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Technical Report: Highly Pathogenic Avian Influenza A(H5N1) Viruses - Updated March 17, 2023

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  • Technical Report: Highly Pathogenic Avian Influenza A(H5N1) Viruses - Updated March 17, 2023

    Updated March 17, 2023

    Key Points
    • CDC is actively working on the domestic situation with clade HPAI A(H5N1) viruses in wild birds and poultry outbreaks, including conducting surveillance among people with relevant exposures and preparing for the possibility that contemporary HPAI A(H5N1) viruses gain the ability for increased transmissibility to people.
    • CDC, along with our state and local public health partners, continues to actively monitor people in the United States who have been exposed to infected birds and poultry for 10 days after exposure. To date, more than 6,300 people in 52 jurisdictions have been monitored since 2022, and only one human case has been identified
    • An H5 candidate vaccine virus (CVV) produced by CDC is nearly identical or, in many samples, identical to the hemagglutinin (HA) protein of recently detected clade HPAI A(H5N1) viruses in birds and mammals (including the recent outbreak in farmed mink in Spain) and could be used to produce a vaccine for people, if needed, and would provide good protection against the clade HPAI A(H5N1) viruses circulating in birds. This H5 CVV is available and has been shared with vaccine manufacturers.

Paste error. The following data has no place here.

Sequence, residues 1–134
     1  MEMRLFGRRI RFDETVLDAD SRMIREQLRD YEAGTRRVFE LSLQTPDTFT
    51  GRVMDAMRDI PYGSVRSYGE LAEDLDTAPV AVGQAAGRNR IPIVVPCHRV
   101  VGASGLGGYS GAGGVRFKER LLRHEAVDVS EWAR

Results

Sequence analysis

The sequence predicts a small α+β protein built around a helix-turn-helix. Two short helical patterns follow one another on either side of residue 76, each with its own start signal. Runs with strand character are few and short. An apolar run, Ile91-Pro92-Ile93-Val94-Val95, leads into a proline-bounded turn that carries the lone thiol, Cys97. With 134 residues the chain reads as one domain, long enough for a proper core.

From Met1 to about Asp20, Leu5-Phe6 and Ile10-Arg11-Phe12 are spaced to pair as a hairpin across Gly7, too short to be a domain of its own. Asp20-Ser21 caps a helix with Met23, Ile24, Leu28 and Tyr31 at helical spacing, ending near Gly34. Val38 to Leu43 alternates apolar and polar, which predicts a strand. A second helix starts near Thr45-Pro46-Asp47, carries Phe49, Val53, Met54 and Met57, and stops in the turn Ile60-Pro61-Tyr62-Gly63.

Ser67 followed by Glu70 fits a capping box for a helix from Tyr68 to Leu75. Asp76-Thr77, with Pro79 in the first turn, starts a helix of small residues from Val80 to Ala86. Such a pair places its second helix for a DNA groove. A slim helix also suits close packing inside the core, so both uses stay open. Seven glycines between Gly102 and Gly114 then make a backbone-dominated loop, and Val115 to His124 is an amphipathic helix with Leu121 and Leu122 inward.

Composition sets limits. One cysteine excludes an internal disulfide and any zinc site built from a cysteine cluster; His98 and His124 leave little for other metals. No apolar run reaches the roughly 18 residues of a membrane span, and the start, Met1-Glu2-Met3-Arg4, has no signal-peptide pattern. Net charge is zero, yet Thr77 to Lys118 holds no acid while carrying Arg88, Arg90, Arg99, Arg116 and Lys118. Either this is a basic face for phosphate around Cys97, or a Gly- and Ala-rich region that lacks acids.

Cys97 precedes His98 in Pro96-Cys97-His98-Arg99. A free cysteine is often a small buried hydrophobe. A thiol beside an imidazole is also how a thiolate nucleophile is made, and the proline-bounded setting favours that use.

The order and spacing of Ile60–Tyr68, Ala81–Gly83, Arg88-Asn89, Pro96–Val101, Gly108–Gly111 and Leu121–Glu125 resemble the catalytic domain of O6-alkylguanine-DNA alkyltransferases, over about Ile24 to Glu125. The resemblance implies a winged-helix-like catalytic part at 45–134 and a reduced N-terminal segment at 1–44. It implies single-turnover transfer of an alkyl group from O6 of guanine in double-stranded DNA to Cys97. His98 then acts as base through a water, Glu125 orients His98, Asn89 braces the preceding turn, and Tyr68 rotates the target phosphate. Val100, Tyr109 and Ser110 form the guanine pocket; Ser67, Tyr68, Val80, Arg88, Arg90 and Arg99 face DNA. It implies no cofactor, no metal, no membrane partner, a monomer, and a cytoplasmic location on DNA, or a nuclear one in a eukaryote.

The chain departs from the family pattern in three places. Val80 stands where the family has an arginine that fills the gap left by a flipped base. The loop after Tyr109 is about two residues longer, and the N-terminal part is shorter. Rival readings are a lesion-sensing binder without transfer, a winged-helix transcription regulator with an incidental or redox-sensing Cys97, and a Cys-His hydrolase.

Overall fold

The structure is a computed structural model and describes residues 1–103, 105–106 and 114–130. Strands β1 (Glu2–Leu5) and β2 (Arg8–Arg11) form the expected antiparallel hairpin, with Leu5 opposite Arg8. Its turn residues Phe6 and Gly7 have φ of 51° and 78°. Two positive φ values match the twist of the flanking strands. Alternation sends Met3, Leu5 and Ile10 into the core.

• Because influenza viruses are constantly changing, CDC performs ongoing analyses of A(H5N1) viruses to identify genetic changes that might allow for spread more easily to and between people, cause serious illness in people, reduce susceptibility to antivirals, affect the sensitivity of diagnostic assays, or reduce neutralization of the virus by vaccine induced antibodies. To date, no such concerning changes have been identified in HPAI A(H5N1) viruses circulating in wild birds and poultry worldwide or that have sporadically infected humans.
    • Currently, HPAI A(H5N1) viruses are believed to pose a low risk to the health of the general public in the United States; however, people who have job-related or recreational exposures to infected birds may be at higher risk of infection and should take appropriate precautions outlined in CDC guidance.
    • Comprehensive surveillance and readiness efforts are ongoing, and CDC continually takes preparedness measures to be ready in case the risk to people from HPAI A(H5N1) or other novel influenza A viruses changes.